I wrote about the issue of trust with my last blog. So I’m going to continue with this topic with this blog.
Returning to School
Looking back, I can remember when I put in my applications for PA school. I was wait-listed at one program and accepted at the second one. So off I went to Houston, to begin my program at Baylor Medical College.
When I left for school I knew I only had enough monies to last for about 3 months or so. I had applied for a student loan which gave me $5,000. That with what savings I had, would last me only a short time. I had gone over to my parents and asked them to help me, with my expenses in school and their answer was a flat ‘no.’
I had no idea what I was going to do after my monies ran out. I drove to Houston not knowing where the monies were going to come from, but realizing this was going to be my only chance at furthering my education.
What I didn’t know at the time, was my parents were waiting to see whether I would actually leave for school, and step out not knowing where my money was going to come from. They wanted to know I was determined and purposeful. Once they realized I was willing to put my belief in being back in school, and advancing my degree, they agreed to help me out financially when my money ran out.
I ended up taking a year off from school between my first and second years because I wasn’t doing very well academically, and was dealing with being depressed. During this year, I worked for M.D. Anderson Cancer Center (MDACC) as a medical secretary and also spent some time with three physicians, who were believers and saw patients in clinic with them. This helped me put together what I had learned during my year in the classroom, with what I would learn during my clinical year.
Finding Out I Was A Kinesthetic Learner
It was during this time that I finally put it together that I was a kinesthetic learner, in other words, I needed to get my ‘hands in the mud’ and feel around and then I would know the material.
Being away from the intensity of school and working helped with my depression. I was also exercising by swimming in the outdoors pool at M.D. Anderson daily. The physicians I was working with, also encouraged me in my learning and told me positive things about what I was doing.
At the end of the year, I had been able to save some money for school, and between my getting another student loan and monies from my parents, I was able to finish well during my clinical rotations.
Program Director’s Letter
I ended up not having the money to take my national boards, and so I knew I would have to stay in Texas, where you could work without being board certified. I went to work at Texas Children’s Hospital as a medical secretary again, while I put out applications. I was in for a surprise.
Even though I had three very good recommendation letters to go along with my applications, human resources generally also asked for a letter from my program director. I had no knowledge how bad that letter was, until I was called by Kaiser Permanente. They called me and told me to have the letter changed. I was shocked after I read the copy of the letter, they had been sent.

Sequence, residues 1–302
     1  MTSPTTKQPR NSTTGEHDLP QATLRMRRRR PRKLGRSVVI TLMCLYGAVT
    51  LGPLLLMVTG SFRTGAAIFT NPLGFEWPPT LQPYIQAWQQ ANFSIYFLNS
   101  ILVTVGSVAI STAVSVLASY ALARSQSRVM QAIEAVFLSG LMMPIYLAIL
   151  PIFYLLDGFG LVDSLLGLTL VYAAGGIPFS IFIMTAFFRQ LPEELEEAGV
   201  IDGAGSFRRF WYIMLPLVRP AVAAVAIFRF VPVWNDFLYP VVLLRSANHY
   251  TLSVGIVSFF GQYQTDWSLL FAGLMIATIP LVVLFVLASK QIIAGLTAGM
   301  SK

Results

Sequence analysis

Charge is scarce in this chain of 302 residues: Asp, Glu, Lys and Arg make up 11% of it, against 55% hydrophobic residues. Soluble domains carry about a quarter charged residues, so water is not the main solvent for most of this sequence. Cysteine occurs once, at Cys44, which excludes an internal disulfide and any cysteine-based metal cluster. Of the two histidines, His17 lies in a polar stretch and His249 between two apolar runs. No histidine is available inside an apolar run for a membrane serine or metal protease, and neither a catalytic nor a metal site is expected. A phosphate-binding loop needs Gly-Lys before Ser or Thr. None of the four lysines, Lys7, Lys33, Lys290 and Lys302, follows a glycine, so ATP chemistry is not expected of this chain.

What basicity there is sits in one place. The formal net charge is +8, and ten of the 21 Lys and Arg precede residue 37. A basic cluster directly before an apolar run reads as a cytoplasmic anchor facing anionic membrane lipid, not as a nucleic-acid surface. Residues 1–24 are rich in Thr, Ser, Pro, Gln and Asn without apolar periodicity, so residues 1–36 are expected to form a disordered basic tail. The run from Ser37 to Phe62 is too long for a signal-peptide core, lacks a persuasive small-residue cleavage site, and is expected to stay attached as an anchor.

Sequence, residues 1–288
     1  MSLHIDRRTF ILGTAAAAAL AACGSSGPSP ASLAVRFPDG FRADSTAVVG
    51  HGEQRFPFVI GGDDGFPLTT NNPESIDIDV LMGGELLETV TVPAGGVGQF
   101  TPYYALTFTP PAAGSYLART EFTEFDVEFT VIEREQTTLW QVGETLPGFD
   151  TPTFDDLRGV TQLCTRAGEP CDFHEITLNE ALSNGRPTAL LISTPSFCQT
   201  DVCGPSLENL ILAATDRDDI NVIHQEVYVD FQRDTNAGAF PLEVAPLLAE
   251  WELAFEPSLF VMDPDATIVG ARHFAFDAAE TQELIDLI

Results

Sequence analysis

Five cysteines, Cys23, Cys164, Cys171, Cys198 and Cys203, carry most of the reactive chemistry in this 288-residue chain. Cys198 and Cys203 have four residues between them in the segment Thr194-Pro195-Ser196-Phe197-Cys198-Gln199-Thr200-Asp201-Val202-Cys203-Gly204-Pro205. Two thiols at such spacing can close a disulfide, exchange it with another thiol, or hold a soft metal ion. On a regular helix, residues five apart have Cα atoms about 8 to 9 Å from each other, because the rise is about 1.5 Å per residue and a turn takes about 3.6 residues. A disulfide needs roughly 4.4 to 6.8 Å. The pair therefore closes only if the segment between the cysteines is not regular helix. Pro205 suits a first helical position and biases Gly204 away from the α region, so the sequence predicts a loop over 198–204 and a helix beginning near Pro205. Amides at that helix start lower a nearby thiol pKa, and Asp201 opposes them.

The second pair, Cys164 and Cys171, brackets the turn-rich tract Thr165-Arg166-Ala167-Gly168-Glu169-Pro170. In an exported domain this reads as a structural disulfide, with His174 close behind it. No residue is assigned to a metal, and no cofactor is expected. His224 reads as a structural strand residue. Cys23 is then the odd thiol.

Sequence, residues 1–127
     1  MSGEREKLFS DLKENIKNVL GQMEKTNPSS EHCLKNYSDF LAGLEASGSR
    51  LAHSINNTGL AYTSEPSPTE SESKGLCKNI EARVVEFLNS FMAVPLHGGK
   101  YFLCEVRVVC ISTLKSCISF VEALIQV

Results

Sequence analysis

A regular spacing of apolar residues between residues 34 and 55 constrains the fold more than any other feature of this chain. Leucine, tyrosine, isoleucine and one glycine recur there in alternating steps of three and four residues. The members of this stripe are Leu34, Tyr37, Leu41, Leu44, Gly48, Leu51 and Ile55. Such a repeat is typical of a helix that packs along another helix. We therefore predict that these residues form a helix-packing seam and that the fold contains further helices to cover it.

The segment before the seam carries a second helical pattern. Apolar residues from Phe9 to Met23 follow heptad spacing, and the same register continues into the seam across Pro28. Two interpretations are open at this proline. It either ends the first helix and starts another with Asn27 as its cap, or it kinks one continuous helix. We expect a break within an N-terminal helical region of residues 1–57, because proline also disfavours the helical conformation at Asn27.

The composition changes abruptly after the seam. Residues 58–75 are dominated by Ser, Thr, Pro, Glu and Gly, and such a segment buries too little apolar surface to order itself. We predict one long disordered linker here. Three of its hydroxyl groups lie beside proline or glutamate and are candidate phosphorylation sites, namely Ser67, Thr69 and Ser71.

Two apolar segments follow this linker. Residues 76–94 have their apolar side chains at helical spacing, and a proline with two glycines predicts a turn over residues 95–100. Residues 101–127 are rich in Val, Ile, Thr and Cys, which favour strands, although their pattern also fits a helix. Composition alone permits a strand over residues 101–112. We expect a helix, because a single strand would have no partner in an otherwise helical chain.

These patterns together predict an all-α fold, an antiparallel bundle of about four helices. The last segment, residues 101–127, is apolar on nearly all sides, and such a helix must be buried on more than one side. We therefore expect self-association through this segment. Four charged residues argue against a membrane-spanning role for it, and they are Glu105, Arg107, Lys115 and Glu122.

In it, my program director had mentioned that I had a ‘fisherman’s wife voice which was very grating on the ears,’ additionally there was eleven typographical errors, and eight purposefully misspelled words. It was the worst letter I had ever read. And this was supposed to be a letter of recommendation???
I immediately quit using it as a recommendation letter and no longer applied to places which requested it. I had applied to fifty different places, hospitals and clinics. I barely had a bite from any of them about an interview.
Learning a Lesson in Relinquishment
My other classmates had already found full time positions, what was wrong with me? I finally realized I hadn’t relinquished up my job search and where He wanted me to work to Him. He was waiting to show me where I was to work, as opposed to my own search. So with that revelation, I stopped searching and handed it over to Him in prayer, and then walked away from sending out any more resumes.
Within the week, I was called to come in for an interview at MDACC. They were replying to a resume I had sent out early in my job search. I loved seeing oncology patients and had spent my six weeks of school electives doing an oncology rotation.
Little did I know this position would allow me to learn hematology oncology and work with a physician who had done incredible research at the NIH in Bethesda, MD. He and his friend, Dr. Emil Frei had been the ones who had discovered the very first effective drug for leukemia.
A Bragging Heart
After I started working with him, one day he bragged to me about how he had interviewed one of my classmates, a few weeks before he interviewed me. He told me he had offered the position to Holly and when she asked him who else he was interviewing, or going to interview he mentioned my name. When she heard it was me, she knew how much I loved oncology and had wanted to work in it. He told me, she told him I was the better choice for the position, because of my love for oncology. And she was therefore turning him down.
During the 2.5 years I worked for him I learned oodles of hematology-oncology. I also came across patients I had so much compassion for as they struggled through their leukemia disease. Many of them lost their lives, yet many of them survived and went onto live successful lives.
Part II will be published Thursday 4/18